Next year, someone not named Thomas Menino will be the mayor of Boston, for the first time in more than 20 years.

Menino, the longest-serving and first Italian-American mayor of New England's largest city, announced Thursday that he will retire at the end of his current term. At 70, the Democrat has been facing health issues, which he said have prevented him from keeping up his ideal pace.

Boston Mayor Thomas Menino. (Josh Reynolds/Associated Press) Boston Mayor Thomas Menino. (Josh Reynolds/Associated Press)

"Over the past few months, I have been weighing my own place in Boston’s bright future. During that time, I have been blessed to regain so much of my health. My physical therapy is going great. I feel better today than I have in a long, long while. I am back to a Mayor schedule, but not a Menino schedule,"  said the mayor, who was first elected in 1993.

Menino's decision to retire him means another marquee campaign in 2013. The field to replace him could grow quite crowded, and the mayor said he is not hand-picking someone to succeed him. At least a dozen names are in the mix, the Boston Globe reported.

At-Large City Councilor John Connolly had already announced he was running, even before Menino said he was stepping aside. A recent Globe poll showed Connolly trailing Menino badly. But an open race is a whole new world. And Connolly has the advantage of getting a head start on fundraising and building a campaign apparatus.

State Rep. Marty Walsh, who has strong ties to labor, recently said he would run if Menino did not. At-Large City Councilor Ayanna Pressley, an African American woman who is seen is a rising star, is another possibility, though she told the Globe, "I’m running for reelection."

A host of other names from the ranks of the City Council and state legislature could also end up running.(Boston Magazine has a good rundown here.)

Buckle up for another exciting off-year election! Below we rank the top five races of 2013. The marquee matchup with the most at stake is number one.

5. Massachusetts Senate (Democratic-controlled): The race for Secretary of State John Kerry’s old Senate seat has been pretty steady (read: boring) so far. Rep. Ed Markey continues to have an advantage on Rep. Stephen Lynch in the Democratic primary, with a recent poll showing Markey ahead by 11 points but 30 percent of voters undecided. Lynch also has better personal favorability numbers, so don't think the primary is over, despite Markey's many advantages. Whoever emerges will be a heavy favorite against a series of lesser-known Republicans, led by former U.S. attorney Michael Sullivan. (Previous ranking: 3)

4. Boston mayor (D): Some more food for thought in the campaign to replace Menino: The last open race for mayor in Boston was in 1983. In other words, open citywide races don't come along every day, which is even more reason to anticipate a crowded field of hopefuls. The preliminary election, from which the top two candidates advance to the general election, will be Sept. 24. (Previous ranking: N/A)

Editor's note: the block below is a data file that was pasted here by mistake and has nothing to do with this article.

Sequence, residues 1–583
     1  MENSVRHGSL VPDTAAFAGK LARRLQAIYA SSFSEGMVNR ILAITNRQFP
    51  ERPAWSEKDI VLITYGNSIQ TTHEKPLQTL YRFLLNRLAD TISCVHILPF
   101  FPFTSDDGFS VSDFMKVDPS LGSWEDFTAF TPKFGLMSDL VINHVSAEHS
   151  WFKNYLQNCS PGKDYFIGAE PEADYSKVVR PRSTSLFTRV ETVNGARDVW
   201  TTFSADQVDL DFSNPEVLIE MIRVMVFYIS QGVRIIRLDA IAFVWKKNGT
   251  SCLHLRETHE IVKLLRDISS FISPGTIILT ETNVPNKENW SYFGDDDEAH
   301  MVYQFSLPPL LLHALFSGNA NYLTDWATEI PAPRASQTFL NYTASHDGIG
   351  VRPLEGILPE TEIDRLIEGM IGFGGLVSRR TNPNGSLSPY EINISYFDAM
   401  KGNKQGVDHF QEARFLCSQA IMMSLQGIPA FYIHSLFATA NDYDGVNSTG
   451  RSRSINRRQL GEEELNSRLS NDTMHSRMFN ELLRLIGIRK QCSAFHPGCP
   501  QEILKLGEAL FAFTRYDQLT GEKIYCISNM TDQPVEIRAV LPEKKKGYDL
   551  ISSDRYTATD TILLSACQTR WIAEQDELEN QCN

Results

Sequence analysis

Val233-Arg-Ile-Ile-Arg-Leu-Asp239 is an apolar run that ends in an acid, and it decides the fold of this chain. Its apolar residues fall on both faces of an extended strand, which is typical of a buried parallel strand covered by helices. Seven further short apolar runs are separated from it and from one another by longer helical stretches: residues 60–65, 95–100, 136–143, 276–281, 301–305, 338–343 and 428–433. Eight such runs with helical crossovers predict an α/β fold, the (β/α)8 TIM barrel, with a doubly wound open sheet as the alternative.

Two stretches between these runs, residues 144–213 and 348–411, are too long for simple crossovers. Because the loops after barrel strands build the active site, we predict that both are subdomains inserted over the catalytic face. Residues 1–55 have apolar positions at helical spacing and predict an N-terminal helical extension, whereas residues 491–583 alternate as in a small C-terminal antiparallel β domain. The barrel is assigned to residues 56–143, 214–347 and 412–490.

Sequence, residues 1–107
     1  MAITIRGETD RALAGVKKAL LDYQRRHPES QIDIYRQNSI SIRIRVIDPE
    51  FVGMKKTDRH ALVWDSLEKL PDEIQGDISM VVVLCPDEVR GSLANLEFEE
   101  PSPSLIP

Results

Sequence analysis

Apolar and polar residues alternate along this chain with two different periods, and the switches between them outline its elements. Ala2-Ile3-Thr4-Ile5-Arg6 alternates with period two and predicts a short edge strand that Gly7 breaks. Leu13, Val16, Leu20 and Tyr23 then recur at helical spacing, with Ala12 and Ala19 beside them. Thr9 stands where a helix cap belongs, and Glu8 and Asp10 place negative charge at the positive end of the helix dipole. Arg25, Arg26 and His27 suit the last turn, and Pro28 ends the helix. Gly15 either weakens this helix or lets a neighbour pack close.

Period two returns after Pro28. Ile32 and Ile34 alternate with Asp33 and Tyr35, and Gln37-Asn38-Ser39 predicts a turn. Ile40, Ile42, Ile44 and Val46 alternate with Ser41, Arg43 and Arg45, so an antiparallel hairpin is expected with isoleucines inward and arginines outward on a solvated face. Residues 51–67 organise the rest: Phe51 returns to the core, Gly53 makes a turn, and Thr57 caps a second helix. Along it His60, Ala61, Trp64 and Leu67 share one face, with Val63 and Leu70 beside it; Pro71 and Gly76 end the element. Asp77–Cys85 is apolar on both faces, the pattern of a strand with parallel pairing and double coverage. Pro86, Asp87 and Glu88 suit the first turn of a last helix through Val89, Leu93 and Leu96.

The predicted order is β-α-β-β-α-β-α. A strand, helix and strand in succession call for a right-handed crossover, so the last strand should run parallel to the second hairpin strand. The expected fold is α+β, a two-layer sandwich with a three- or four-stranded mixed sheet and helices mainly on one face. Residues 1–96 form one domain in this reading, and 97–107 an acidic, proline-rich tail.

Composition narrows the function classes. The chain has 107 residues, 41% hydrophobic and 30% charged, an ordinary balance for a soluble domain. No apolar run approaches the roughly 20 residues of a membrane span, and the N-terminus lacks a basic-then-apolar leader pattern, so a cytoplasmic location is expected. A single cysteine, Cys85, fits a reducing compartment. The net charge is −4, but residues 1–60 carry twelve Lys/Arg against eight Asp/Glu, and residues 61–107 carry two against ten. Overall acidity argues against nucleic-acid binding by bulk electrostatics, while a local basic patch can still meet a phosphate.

3. South Carolina 1st district special election (Republican-controlled): Things are getting really interesting in this race. While former governor Mark Sanford is hoping to advance from a Tuesday GOP runoff, Democratic nominee Elizabeth Colbert Busch has been preparing for the general election. Colbert Busch turned in a dominating performance in the primary last week, and she's proven she can raise money. It doesn't hurt her name ID that her younger brother is Comedy Central's Stephen Colbert, either. The 1st district is very Republican (nearly 60 percent voted for Mitt Romney in 2012), which means Colbert Busch is clearly the underdog against whomever she faces. But the consensus in the state is that Democrats prefer to run against Sanford over Curtis Bostic, because of the former governor's baggage. The real indicator of how close this race is will be if Democratic outside groups begin to enter the mix starting next week. (Previous ranking: 5)

2. New York City mayor (Independent-controlled): The favorite to succeed Mayor Michael Bloomberg (I), City Council Speaker Christine Quinn (D), is nothing short of interesting – and we’re not just talking about the fact that she would be the city’s first female mayor or its first openly gay one. Put plainly, Quinn is a character, full of colorful quotes and unafraid of labeling herself a “b----” or threatening people with castration (to put it mildly). The New York Times last week detailed her legendary temper, which she makes absolutely no apologies for. (Previous ranking: 2)

1. Virginia governor (R): We finally know what the matchup is going to look like here, with Lt. Gov. Bill Bolling (R) passing on running as an independent. Bolling succumbed to the reality that it would just be very hard to raise the money necessary to run without a party, even though early polls suggest he would have been formidable in a race between two polarizing figures. For now, the matchup between Attorney General Ken Cuccinelli II (R) and former DNC chairman Terry McAuliffe has all the makings of a pure tossup, and neither man benefitted from Bolling’s opt-out. (Previous ranking: 1)